Take the 2-minute tour ×
Stack Overflow is a question and answer site for professional and enthusiast programmers. It's 100% free, no registration required.

My goal is to independently calculate the number of items an enemy would drop after it is killed. For example, say there are 50 potions each with a 50% chance of being dropped, I'd like to randomly return a number from 0 to 50, based on independent trials.

Currently, this is the code I'm using:

int droppedItems(int n, float probability) {
    int count = 0;
    for (int x = 1; x <= n; ++x) {
        if (random() <= probability) {
            ++count;
        }
    }
    return count;
}

Where probability is a number from 0.0 to 1.0, random() returns 0.0 to 1.0, and n is the maximum number of items to be dropped. This is in C++ code, however, I'm actually using Visual Basic 6 - so there's no libraries to help with this.

This code works flawlessly. However, I'd like to optimize this so that if n happens to be 999999, it doesn't take forever (which it currently does).

share|improve this question
    
Which language are you writing this code in? The sample you posted looks likes like C family pseudocode (unless the then was included on accident?) –  chucksmash Sep 20 '12 at 18:01
    
@IamChuckB Made some clarifications. –  PhoenixX_2 Sep 20 '12 at 18:16
    
I updated my answer with code in python that relied on a library. I'll throw some C++ in there too, sans external libraries –  chucksmash Sep 20 '12 at 18:22
    
@IamChuckB As I mentioned, I'm using Visual Basic 6, and don't have access to any Python/C++ or other libraries. I'm more interested in being directed to some code that actually implements this since it's quite a small specific aspect of my project. –  PhoenixX_2 Sep 20 '12 at 19:22
    
I've updated my answer with my thoughts. The TL;DR version: for what you want it for, implementing a random number generator built on the binomial distribution from scratch, sans libraries, is going to be a prohibitively large PITA. I recommend using your current algo for current algorithms and for larger ones calculating say the first 100 n and then multiplying the result of that by some scaling factor. –  chucksmash Sep 20 '12 at 19:39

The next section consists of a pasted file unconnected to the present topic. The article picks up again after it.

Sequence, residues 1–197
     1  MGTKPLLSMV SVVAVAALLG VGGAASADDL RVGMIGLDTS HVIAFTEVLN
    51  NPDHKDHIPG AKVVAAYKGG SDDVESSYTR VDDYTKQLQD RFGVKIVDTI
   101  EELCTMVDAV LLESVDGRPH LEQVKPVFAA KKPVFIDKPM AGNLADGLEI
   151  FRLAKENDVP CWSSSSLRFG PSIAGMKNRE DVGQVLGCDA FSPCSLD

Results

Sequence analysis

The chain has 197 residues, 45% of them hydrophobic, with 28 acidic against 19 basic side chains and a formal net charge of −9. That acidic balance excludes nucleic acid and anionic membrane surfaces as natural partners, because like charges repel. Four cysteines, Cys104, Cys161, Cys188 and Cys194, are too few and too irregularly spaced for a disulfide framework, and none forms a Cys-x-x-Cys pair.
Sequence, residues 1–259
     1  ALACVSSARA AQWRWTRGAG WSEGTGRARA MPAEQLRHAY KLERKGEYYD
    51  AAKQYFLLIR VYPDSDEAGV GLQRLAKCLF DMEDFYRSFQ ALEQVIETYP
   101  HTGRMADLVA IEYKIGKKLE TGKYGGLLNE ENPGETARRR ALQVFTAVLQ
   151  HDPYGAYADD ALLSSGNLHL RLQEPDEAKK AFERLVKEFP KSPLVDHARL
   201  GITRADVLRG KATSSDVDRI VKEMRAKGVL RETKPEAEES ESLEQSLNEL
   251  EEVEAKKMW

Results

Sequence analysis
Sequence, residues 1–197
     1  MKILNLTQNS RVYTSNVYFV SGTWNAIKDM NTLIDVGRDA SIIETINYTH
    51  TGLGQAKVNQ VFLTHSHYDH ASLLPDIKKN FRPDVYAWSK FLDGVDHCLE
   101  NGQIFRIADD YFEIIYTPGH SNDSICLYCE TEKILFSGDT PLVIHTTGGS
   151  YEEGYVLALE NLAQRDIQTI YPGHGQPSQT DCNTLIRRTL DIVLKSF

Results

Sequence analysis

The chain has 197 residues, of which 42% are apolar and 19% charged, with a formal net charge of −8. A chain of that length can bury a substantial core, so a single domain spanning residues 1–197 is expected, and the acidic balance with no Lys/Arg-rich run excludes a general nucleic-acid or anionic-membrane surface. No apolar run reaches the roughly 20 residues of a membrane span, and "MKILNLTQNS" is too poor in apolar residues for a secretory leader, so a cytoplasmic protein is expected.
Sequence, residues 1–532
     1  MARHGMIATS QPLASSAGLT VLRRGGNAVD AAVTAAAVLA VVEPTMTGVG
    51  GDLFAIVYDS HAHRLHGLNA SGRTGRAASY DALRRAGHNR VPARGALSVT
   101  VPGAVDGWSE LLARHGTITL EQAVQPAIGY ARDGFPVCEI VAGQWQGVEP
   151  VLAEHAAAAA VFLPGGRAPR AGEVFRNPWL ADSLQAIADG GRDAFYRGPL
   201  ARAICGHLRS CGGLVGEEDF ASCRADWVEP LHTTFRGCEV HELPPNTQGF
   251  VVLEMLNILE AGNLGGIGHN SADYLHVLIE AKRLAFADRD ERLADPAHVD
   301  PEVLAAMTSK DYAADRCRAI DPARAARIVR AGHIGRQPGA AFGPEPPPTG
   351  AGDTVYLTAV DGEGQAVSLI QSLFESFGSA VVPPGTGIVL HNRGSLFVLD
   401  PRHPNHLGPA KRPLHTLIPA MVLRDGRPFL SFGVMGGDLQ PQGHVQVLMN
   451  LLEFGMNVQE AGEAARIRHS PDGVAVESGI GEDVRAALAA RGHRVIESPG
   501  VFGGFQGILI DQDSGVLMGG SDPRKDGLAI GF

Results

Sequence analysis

add comment

2 Answers

up vote 2 down vote accepted

Use the binomial distribution. Wiki - Binomial Distribution

Ideally, use the libraries for whatever language this pseudocode will be written in. There's no sense in reinventing the wheel unless of course you are trying to learn how to invent a wheel.

Specifically, you'll want something that will let you generate random values given a binomial distribution with a probability of success in any given trial and a number of trials.

EDIT :

I went ahead and did this (in python, since that's where I live these days). It relies on the very nice numpy library (hooray, abstraction!):

>>>import numpy
>>>numpy.random.binomial(99999,0.5)
49853
>>>numpy.random.binomial(99999,0.5)
50077

And, using timeit.Timer to check execution time:

# timing it across 10,000 iterations for 99,999 items per iteration
>>>timeit.Timer(stmt="numpy.random.binomial(99999,0.5)", setup="import numpy").timeit(10000) 
0.00927[... seconds]

EDIT 2 :

As it turns out, there isn't a simple way to implement a random number generator based off of the binomial distribution.

There is an algorithm you can implement without library support which will generate random variables from the binomial distribution. You can view it here as a PDF

My guess is that given what you want to use it for (having monsters drop loot in a game), implementing the algorithm is not worth your time. There's room for fudge factor here!

I would change your code like this (note: this is not a binomial distribution):

  1. Use your current code for small values, say n up to 100.
  2. For n greater than one hundred, calculate the value of count for 100 using your current algorithm and then multiply the result by n/100.

Again, if you really want to figure out how to implement the BTPE algorithm yourself, you can - I think the method I give above wins in the trade off between effort to write and getting "close enough".

share|improve this answer
    
Sampling 100 to avoid the hell of implementing it properly isn't such a bad idea ;). –  PhoenixX_2 Sep 20 '12 at 20:19
add comment

As @IamChuckB pointed out already, the key word is binomial distribution. When the number of Bernoulli trials (number of items in your example) is large enough, a good approximation is the Poisson distribution, which is much simpler to calculate and draw numbers from (the exact algorithm is spelled out in the linked Wikipedia article).

share|improve this answer
add comment

Your Answer

 
discard

By posting your answer, you agree to the privacy policy and terms of service.

Not the answer you're looking for? Browse other questions tagged or ask your own question.